The whole concept of democracy rests on citizen’s participation and engagement. So also, there can never be good governance without citizen’s participation.
It is not enough to vote during elections and go into hibernation thinking that we have finished our job. We conveniently shift our focus towards public officials with the mistaken assumption that they will perform magic and solve all our problems.
It is easy to point accusing fingers at elected public servants for all our woes; the hard option, however, is to ask ourselves how have our actions and inactions contributed to the current unpleasant reality we find ourselves in.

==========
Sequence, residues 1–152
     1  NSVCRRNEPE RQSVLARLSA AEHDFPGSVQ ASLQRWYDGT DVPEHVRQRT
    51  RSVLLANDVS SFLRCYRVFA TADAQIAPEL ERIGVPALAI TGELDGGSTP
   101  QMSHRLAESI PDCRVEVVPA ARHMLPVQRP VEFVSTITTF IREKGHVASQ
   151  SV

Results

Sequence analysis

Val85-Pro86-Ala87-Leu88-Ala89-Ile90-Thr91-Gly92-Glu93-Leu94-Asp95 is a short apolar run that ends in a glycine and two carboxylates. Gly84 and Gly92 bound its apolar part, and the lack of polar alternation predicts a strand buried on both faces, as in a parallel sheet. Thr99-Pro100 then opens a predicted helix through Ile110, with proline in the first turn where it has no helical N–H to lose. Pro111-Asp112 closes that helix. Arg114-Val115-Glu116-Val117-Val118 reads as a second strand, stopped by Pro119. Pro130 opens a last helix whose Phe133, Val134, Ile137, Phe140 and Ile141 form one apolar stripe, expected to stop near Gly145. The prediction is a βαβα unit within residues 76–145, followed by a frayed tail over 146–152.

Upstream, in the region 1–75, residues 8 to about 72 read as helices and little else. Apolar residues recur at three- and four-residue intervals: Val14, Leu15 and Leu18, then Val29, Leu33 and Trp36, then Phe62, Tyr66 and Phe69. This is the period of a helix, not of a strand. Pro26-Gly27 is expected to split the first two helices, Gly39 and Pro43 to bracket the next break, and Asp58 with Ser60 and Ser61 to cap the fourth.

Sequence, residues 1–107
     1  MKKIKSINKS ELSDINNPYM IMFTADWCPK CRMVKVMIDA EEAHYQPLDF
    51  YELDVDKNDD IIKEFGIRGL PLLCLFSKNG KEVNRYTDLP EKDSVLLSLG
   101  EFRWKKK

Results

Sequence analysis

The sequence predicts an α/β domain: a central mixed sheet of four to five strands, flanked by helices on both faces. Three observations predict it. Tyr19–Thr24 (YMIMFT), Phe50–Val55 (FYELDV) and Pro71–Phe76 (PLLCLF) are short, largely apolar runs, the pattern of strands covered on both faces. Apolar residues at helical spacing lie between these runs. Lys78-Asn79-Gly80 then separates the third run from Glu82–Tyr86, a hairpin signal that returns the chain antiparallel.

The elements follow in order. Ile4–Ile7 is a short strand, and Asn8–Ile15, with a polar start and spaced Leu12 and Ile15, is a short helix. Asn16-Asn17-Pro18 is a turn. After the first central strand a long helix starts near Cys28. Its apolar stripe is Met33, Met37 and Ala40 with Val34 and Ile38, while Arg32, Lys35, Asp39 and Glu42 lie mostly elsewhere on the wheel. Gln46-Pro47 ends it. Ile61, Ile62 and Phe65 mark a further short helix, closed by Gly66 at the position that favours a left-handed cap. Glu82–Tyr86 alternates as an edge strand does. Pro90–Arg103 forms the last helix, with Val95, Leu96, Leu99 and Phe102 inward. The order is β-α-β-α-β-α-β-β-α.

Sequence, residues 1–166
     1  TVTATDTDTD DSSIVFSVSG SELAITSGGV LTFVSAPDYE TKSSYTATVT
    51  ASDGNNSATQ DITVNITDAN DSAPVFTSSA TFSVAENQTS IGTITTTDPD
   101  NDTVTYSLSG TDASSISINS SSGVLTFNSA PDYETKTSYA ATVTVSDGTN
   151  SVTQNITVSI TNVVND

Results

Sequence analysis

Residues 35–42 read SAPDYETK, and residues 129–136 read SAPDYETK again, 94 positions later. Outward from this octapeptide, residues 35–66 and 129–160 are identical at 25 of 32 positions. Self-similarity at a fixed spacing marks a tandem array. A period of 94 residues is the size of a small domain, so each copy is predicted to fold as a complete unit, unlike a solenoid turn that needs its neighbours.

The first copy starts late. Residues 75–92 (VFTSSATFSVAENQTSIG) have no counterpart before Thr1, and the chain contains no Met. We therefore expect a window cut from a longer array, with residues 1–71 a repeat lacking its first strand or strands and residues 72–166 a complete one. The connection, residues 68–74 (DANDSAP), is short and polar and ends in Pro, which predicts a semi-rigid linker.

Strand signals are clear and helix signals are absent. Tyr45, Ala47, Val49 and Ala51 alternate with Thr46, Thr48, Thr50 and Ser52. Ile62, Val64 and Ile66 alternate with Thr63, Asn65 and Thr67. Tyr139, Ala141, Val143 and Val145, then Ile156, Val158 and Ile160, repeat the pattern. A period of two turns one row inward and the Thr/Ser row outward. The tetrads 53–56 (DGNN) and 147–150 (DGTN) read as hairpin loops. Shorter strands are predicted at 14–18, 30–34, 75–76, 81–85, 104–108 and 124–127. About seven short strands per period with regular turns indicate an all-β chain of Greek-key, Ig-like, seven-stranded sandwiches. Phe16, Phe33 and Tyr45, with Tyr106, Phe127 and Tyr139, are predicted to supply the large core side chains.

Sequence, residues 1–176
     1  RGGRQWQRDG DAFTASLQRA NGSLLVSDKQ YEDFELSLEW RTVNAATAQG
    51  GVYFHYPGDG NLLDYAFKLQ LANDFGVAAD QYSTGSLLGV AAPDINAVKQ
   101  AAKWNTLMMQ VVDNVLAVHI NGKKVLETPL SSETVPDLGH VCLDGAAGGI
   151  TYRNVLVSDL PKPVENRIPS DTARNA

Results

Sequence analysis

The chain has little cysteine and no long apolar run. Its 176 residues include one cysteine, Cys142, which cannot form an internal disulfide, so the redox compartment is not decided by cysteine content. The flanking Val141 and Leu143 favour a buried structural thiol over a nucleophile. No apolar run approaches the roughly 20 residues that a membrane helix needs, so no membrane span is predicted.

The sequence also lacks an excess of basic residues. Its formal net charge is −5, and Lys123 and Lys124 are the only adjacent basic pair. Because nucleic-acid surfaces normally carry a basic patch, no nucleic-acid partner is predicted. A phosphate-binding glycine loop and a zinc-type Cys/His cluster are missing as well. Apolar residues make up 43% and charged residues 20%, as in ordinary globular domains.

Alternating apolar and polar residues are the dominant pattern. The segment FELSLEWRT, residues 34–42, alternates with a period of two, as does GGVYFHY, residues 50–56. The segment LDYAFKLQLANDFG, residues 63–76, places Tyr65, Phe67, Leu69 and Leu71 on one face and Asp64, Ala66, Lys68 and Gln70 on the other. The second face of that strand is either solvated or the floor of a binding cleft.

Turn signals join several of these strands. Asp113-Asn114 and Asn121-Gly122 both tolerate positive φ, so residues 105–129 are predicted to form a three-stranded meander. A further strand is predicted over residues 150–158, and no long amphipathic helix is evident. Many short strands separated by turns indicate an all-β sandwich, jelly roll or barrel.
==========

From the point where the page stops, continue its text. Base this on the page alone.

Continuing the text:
Many of us have confined ourselves to the comfort zone of criticism, but only create excuses and alibi when it is time to act and engage the governance processes.
Many are very critical of our governance system and public servants, but ask them what they have done to add value to the system, and you end up with more blame game.
Criticism is good in a democracy when it is constructive, but what is more, is effective engagement which is result-driven. Public servants will come and go but we the people remain constant in the democratic equation.
The biggest challenge is that we criticize what we barely understand. How well do many of us know about development plans, sectorial policies, budgets and public service delivery?
It is time to educate ourselves on governance processes, ask critical questions and hold all public servants to account.